Second Brain: How to Create a System for Capturing Your Ideas and Thoughts | My Set-up after 2 months

In my attempt to take better notes as I learn multiple things in parallel, I encountered this concept called Second Brain. Do watch the video or read other articles about what it is.

This post is about how I built mine:

  • Using Obsidian as the primary tool
  • All notes are in a single vault
  • The vault (with all my notes) are synced on multiple devices (Windows 11 PC, Windows 10 PC, and Android phone).

What lead me to Second Brain

If you wanna go straight to the how-to, skip to the next section.

Most people are required to learn many things in parallel to succeed in life. And with the internet and technology, we now have the ability to learn through different mediums that suit our time constraints and learning style. Here are some examples:

  • Books (physical and digital)
  • Book Summaries
  • News (physical and digital, mostly digital)
  • Magazines (physical and digital, mostly digital)
  • Blogs
  • YouTube Videos
  • News/Blog consolidators
  • Various types of knowledge apps
  • And from your Robert Scoble

As I learned from all of these, my notes ended up cluttered in multiple places (i.e. EverNote, OneNote, FreeMind, and in-app notes, to name a few.) In my recent attempt to study the Bible more deeply, I needed a better way to consolidate my notes in a single location and be able to cross-link and back-link thoughts more easily. The thing about studying the Bible is that it speaks to so many areas, so I need a way to take note of things that are for educational purposes and practical life applications – and still be able to link the notes to each other.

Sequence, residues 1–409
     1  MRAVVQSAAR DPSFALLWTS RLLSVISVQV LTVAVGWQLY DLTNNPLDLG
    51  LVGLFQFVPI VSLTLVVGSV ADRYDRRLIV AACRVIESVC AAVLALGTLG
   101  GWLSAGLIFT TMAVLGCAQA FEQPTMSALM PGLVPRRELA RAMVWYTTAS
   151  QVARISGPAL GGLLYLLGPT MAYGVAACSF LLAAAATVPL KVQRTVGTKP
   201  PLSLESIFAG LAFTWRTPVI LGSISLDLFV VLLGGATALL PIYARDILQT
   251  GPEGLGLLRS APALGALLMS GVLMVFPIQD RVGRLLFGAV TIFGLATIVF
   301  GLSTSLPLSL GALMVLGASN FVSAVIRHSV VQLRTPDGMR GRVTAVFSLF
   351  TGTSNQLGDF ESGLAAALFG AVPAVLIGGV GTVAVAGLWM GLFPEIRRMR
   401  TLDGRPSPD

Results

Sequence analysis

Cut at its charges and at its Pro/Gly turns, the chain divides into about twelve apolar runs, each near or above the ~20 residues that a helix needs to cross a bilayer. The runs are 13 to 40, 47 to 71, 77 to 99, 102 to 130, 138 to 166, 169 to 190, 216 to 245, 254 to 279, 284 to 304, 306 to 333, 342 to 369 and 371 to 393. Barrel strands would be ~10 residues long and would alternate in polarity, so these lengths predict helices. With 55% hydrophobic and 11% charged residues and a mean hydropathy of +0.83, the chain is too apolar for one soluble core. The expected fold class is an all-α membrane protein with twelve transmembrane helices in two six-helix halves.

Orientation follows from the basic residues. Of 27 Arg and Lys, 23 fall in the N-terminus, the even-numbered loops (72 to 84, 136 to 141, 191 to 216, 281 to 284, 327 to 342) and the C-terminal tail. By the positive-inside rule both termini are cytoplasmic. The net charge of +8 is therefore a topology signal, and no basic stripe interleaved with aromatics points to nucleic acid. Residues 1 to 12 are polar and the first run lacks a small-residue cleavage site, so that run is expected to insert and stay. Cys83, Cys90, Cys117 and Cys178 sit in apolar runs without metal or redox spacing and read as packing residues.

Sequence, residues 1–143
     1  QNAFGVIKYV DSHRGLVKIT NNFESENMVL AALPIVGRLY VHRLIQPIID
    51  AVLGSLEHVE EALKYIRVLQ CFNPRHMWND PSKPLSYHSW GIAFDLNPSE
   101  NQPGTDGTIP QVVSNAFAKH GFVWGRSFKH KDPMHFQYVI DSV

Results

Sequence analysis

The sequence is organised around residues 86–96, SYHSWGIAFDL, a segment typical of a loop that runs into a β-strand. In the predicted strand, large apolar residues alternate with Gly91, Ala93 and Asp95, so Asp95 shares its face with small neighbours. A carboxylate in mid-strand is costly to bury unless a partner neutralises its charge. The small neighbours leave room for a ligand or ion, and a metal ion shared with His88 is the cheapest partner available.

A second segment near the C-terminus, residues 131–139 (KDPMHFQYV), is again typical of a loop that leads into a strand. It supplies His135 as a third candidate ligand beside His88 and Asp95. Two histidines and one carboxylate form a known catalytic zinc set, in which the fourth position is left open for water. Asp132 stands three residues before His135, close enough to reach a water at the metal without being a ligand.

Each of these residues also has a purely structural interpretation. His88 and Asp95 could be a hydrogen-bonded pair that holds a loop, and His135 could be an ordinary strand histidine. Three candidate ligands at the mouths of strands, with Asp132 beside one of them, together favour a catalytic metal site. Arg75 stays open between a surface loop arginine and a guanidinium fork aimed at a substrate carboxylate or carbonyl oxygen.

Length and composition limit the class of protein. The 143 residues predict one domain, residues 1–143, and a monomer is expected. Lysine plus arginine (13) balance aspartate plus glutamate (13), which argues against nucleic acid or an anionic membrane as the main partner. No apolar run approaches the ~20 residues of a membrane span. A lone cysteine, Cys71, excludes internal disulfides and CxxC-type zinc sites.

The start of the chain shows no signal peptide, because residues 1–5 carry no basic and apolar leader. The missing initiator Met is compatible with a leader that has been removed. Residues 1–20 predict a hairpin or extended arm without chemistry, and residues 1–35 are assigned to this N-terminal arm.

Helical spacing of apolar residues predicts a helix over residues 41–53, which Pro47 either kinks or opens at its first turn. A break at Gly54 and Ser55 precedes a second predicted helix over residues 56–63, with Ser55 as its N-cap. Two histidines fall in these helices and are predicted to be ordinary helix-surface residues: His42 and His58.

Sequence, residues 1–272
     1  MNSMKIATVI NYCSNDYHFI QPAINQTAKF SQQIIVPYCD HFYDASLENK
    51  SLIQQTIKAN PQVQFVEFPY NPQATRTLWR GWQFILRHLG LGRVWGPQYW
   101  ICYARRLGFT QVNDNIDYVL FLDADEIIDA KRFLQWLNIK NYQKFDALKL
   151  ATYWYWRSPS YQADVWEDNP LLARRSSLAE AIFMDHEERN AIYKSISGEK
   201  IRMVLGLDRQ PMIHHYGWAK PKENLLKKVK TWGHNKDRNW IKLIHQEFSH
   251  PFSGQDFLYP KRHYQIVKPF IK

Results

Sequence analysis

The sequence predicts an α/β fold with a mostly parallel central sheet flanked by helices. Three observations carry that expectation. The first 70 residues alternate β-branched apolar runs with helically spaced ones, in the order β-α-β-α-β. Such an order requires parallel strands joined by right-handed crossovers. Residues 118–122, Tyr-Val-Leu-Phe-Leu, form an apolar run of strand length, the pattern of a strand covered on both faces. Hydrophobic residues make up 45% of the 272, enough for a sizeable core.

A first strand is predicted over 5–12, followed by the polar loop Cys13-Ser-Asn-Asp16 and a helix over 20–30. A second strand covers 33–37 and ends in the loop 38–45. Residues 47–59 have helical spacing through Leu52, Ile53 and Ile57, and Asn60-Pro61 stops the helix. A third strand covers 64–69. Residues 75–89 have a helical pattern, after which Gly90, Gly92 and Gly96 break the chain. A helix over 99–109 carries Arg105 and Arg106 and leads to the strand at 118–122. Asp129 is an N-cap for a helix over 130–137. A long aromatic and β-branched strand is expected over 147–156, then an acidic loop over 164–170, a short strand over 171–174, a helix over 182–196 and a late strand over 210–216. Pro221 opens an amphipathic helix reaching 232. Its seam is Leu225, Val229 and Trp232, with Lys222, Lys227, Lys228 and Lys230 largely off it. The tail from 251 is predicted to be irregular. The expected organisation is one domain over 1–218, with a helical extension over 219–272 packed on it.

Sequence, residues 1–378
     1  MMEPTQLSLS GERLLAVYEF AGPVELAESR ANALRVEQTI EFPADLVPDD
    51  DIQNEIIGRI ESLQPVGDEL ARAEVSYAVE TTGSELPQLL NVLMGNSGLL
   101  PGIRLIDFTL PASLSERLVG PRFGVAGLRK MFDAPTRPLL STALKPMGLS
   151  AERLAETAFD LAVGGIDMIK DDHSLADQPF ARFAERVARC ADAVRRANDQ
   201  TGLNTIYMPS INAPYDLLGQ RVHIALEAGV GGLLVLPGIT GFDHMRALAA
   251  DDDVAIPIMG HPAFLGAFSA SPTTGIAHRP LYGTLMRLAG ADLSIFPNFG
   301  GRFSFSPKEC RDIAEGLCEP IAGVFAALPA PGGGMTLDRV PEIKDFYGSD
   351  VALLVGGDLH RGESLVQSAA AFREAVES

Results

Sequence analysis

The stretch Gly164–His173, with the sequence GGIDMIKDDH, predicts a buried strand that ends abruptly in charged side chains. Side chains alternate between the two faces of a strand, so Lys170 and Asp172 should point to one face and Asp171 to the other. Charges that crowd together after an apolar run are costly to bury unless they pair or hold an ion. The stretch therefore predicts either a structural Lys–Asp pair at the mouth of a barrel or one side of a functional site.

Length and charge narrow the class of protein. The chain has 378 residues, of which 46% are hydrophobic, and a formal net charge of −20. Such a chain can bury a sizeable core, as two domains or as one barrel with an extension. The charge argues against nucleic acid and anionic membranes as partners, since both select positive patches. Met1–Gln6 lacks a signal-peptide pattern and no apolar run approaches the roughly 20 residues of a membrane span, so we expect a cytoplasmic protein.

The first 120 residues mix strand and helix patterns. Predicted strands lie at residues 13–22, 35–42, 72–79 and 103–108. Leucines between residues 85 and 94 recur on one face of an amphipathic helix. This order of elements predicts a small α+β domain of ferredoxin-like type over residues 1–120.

This led me to deep research (watching YouTube videos) that led me to Second Brain. Here are the most useful ones I found for you to learn as well:

  1. Biblekasten: A Bible note taking approach based on Zettelkasten
  2. Zettelkasten: It’s about this guy who built a second brain using index cards, before computers. And how we now applied the same techniques using technology.
  3. Second Brain: Introduces you to the concept of second brain (same link at the beginning of this article).

Obisidan as my Second Brain Tool

Now there are many tools that you can use to build a second brain. I primarily focused on those that use markdown (.md) as the primary file format. Since Markdown is in plain text, I could easily port my notes to a different tool in the future and also version-control my notes in GitHub. This is unlike my notes in EverNote and OneNote, which will most likely stay there indefinitely until I figure out a way to migrate those easily.

Here are some of the Second Brain tools that I found:

  1. Dendron: Open-source plugin using VS Code.
  2. Obsidian: One of the most famous tools to date. It is mostly free with some premium add-ons.
  3. Notion: A traditional heirarchical style note taking app, not good for Zettlekasten
  4. Roam: A pretty popular tool as well, but the data is in a proprietary format.
  5. logseq: Is a new comer which a lot of Obsidian users seem to be moving into. It is also open source (unlike Obsidian). But since it’s new, there are very few community articles available.